In that regard, Group A is as good a place to start as any—since my sources tell me that the origins of the “Group of Death” as a moniker lie with a combined effort of Mexican journalists and Uruguay’s manager in the 1986 World Cup—two nations whose teams will meet in Group A (along with France and South Africa).  In this tournament, however, Group A probably has little claim on being the actual “Group of Death.”  In fact, with France ranked 10th in the world by FIFA, South Africa as 90th, Mexico as 17th, and Uruguay as 18th, it’s the only of eight groups in the tournament without one team ranked in the top eight.

So I had to look outside the soccer world to find high rankings, and here’s the best I could come up with: what Group A does have is land mass and, believe it or not, relative wealth.  In terms of land mass, of 223 ranked nations Mexico is 15th, South Africa 25th, France 43rd, and Uruguay 90th—which, on average, is the lowest (ie, most land) in the tournament.  In terms of relative wealth, Group A is the only one in the tournament where Gross Domestic Product per capita (a standard global measure of wealth) is above $10,000 for all four countries—all the other groups have to factor in a Nigeria ($2250 per person), a Paraguay ($4500), or the like.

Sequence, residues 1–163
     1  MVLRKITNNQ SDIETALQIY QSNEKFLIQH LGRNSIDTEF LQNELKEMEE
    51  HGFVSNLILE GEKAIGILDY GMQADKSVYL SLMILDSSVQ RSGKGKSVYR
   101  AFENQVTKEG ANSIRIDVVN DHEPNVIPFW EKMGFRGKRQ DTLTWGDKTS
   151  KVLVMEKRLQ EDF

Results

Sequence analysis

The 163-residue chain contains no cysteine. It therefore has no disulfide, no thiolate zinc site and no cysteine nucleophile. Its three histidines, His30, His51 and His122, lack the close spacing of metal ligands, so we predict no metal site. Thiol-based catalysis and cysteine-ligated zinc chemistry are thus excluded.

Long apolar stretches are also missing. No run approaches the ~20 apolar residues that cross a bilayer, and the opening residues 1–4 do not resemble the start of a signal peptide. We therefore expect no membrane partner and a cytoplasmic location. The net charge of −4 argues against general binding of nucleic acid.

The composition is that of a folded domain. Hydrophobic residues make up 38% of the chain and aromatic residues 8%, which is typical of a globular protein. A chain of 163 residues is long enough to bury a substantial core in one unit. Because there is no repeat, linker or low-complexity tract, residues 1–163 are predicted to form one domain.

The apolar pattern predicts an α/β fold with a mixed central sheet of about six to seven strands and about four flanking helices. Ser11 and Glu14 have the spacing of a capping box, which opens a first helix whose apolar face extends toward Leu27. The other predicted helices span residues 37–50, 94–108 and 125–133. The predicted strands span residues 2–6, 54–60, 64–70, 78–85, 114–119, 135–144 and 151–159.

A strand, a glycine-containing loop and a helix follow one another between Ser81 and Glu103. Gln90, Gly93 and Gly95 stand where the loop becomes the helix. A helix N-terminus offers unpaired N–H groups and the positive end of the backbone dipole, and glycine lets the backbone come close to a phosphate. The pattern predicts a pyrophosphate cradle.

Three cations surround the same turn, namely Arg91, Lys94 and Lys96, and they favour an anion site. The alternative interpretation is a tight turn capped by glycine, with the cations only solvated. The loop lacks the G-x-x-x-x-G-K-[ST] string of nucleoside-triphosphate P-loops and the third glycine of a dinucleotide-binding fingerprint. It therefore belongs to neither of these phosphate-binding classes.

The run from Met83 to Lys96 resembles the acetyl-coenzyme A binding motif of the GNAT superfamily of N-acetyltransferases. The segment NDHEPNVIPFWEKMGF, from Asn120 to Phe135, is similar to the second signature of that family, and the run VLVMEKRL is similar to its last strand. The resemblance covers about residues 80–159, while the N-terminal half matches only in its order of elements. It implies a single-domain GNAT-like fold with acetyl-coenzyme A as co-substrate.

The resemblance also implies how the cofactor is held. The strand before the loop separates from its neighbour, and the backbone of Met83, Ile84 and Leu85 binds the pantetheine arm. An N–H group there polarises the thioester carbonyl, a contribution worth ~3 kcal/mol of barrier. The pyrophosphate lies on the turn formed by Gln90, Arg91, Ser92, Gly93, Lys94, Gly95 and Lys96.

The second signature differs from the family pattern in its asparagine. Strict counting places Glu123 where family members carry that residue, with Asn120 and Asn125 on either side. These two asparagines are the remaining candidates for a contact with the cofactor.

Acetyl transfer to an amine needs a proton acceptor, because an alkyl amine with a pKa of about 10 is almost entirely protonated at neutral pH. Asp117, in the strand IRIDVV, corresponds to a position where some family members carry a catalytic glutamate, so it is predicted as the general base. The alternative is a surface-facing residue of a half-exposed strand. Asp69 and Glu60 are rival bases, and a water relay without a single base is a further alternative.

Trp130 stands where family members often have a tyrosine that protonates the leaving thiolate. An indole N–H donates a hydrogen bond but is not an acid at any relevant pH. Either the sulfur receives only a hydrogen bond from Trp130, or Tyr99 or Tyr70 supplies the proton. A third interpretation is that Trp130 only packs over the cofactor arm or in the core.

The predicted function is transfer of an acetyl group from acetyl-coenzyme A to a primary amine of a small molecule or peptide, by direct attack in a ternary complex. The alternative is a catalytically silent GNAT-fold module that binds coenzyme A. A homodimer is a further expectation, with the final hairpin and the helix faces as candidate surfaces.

Finally, and probably most significant to soccer fans, Group A is the only group in the tournament comprised entirely of World Cup host nations—in addition to South Africa, Uruguay hosted the first World Cup in 1930, Mexico hosted in 1970 and 1986, and France hosted in 1998.  That can’t happen too often (though it is also interesting to note that it almost also happened this year in Group H with Spain—1982 hosts, Switzerland—1954 hosts, and Chile—1962 hosts, missing only Honduras).  So I’ll label Group A ‘The Group of Gracious Hosts (with little chance of actually winning the tournament).’

Who would advance if there were any justice in the world?

This segment is my admittedly subjective ranking of the two teams most deserving of making it out of the group stages—based on a secret formula combining soccer history and global politics.  In the case of Group A one team is easy to eliminate: France has only a tenuous claim on deserving to have qualified at all for the World Cup based on the kerfuffle with Ireland, and one often gets a sense that the French themselves are too debonair to really worry about silly things like soccer.  So in my mind they are out.